Francis Maude is also formidable. With him and Oliver Letwin, the Cabinet office operates as it ought to: a Prussian general staff ensuring that the Prime Minister has an endless source of intellectual reinforcement. There are also the officials. The Downing Street civil servants enjoy working for David Cameron. He is demanding. On rare occasions, he can be tetchy: never unreasonably so. But meetings start on time. Minutes are taken, as are decisions. The meeting will start with an agenda, and finish by generating another one. The PM is relaxed, but authoritative. Although his manner is breezy and informal, no-one ever forgets that he is the Prime Minister. Gus O'Donnell, the outgoing Head of the Civil Service, was an outstanding public servant. Jeremy Heywood, his successor, is equally good.

Finally, there is that derided group of persons: political advisors. Mr Cameron has assembled a strong team. Edward Llewellyn, his chief of staff, is the Platonic idea of a private secretary. Self-effacing and unobtrusive – he is short enough to share the cat-flap with Larry, the No.10 moggy – Eddie has no ideological agenda. He goes to work to make things work. Witty and tireless, he also possesses one of the world's most impressive contacts' book. It is hardly surprising that he has the PM's total confidence.

Steve Hilton is a different character. A few weeks ago, there were photographs of him in the papers, setting off for No.10 on a bicycle, in shorts. One wonders what the average compulsorily collared-and-tied middle class Tory voter would have made of that. This very senior Downing Street advisor looked like a furtive scoutmaster about to leg it before angry parents and the rozzers caught up with him.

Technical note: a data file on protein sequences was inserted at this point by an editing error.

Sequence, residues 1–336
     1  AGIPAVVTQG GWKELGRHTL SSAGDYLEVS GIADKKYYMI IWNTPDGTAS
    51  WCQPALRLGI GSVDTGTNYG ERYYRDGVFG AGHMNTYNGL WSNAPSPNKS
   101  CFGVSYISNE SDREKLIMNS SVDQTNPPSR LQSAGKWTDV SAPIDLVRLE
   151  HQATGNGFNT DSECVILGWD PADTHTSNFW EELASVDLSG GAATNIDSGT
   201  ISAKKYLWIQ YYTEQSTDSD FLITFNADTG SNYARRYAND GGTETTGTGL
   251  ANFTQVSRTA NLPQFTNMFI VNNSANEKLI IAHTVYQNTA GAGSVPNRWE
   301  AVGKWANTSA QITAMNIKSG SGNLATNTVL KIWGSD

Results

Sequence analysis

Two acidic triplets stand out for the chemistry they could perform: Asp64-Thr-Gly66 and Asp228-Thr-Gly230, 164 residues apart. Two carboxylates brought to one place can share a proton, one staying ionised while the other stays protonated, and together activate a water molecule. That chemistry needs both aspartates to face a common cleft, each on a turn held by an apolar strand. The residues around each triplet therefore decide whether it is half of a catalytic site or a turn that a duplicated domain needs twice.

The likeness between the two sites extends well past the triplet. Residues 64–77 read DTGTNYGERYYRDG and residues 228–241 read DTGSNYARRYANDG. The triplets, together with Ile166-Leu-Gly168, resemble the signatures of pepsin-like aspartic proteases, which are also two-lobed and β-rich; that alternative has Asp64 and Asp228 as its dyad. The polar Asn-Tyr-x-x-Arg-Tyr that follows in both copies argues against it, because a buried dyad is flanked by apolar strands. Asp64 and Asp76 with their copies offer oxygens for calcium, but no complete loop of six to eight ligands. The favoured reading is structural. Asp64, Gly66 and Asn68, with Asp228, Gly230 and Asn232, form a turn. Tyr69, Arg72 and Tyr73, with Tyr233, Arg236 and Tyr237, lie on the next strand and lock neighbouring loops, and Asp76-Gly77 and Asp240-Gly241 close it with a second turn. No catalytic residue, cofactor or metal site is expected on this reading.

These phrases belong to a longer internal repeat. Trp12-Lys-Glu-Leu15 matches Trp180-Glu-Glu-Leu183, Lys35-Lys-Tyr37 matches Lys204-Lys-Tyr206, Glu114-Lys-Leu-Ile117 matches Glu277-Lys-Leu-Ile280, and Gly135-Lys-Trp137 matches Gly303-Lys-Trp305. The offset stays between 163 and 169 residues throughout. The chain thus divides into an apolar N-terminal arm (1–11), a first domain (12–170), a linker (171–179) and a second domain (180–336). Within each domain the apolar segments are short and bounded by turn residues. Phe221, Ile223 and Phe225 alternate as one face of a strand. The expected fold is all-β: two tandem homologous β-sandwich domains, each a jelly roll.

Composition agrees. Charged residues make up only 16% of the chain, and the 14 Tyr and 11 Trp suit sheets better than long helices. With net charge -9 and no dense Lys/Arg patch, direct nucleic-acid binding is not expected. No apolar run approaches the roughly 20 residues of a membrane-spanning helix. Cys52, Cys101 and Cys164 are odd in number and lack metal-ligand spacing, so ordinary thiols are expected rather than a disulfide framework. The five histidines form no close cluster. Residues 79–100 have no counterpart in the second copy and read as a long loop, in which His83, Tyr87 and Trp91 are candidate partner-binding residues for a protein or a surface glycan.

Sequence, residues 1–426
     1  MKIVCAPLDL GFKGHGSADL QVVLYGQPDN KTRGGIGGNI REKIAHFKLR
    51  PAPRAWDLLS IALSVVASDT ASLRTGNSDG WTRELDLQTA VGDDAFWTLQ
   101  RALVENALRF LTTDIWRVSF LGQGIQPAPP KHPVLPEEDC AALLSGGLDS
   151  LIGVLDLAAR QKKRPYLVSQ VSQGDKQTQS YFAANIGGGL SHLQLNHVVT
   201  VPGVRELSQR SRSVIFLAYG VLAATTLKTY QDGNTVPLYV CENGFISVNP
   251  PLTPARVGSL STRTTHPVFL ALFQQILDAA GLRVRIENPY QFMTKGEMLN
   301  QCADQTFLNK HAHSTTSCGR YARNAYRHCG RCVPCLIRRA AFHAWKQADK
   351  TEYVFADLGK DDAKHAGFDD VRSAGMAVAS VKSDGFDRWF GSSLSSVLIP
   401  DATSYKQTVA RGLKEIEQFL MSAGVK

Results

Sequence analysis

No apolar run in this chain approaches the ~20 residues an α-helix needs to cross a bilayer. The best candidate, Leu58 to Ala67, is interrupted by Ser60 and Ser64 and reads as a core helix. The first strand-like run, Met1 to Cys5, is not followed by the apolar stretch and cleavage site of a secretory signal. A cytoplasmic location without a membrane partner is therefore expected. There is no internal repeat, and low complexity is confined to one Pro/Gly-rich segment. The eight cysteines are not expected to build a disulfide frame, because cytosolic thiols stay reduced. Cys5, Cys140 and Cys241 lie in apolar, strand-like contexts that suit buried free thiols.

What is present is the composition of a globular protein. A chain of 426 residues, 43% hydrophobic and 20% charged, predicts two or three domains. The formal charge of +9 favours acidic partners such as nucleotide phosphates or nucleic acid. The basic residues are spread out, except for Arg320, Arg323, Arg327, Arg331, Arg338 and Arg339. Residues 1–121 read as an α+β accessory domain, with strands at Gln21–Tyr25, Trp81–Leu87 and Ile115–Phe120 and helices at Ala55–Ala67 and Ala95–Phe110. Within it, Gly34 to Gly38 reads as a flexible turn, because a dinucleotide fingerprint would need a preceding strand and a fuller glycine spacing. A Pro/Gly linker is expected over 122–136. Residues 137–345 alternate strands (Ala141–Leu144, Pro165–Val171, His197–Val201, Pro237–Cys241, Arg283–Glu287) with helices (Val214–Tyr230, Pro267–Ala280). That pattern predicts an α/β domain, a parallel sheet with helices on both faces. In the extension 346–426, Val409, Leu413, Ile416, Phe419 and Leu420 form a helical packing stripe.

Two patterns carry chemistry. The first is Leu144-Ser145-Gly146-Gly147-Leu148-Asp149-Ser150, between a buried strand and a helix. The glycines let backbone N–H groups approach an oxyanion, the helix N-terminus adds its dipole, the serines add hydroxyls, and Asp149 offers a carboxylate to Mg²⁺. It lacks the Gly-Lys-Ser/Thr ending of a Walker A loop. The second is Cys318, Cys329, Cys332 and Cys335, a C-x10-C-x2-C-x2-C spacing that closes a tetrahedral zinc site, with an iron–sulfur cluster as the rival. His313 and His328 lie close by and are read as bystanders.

Emotional, volatile and truculent, Steve is never without an agenda. He sees himself as the radical conscience of the Cameron regime and he often expresses his contempt for the constraints of process and bureaucracy. There are times when this could come dangerously close to self-indulgence. I have heard reports of his being gratuitously rude to Ministers (That said, any Minister who puts up with rudeness from an advisor, however senior, deserves all he gets). "Grit in the oyster" is not only a cliche. In Steve Hilton's case, it is an understatement. There is enough grit for an entire oyster bed. But government needs roughage. After the Brown terror, David Cameron has restored order and harmony to Downing Street. So Steve is useful, to ensure that there are a few bracing discords.

There are plenty of other first-rate people in No.10. Paul Kirby, the new head of the policy Unit, is excellent, as is Patrick Rock, who acts as a walking gun. Patrick combines qualities not always found together. Although he is not ideological, he is intensely political. He also appears to have a total command of detail and of the legislative process. George Osborne and William Hague also have some outstanding advisors, among the best of their genus. If one could buy shares in people, we should all fill our boots. At the Foreign Office, Denzil Davidson and Arminka Helic are both superb. Their counterparts at the Treasury, Rupert Harrison and Eleanor Shawcross, have one advantage. As their department has been continuously in action and under fire, they have had more opportunities to win gallantry medals. They have both taken them. They are the best special advisors since…the young David Cameron. Look what happened to him. If either Eleanor or Rupert – or both – should become Prime Minister, I hope that someone will remember this article.

In the shorter run, I will no doubt attract sneers. It is not fashionable to praise advisors or officials. "If these people are that good" some will be saying "why is the country in such a mess"? To that, there is only one answer. If we did not have the benefit of some of the ablest people in Britain at the core of government, we would be in a far worse mess.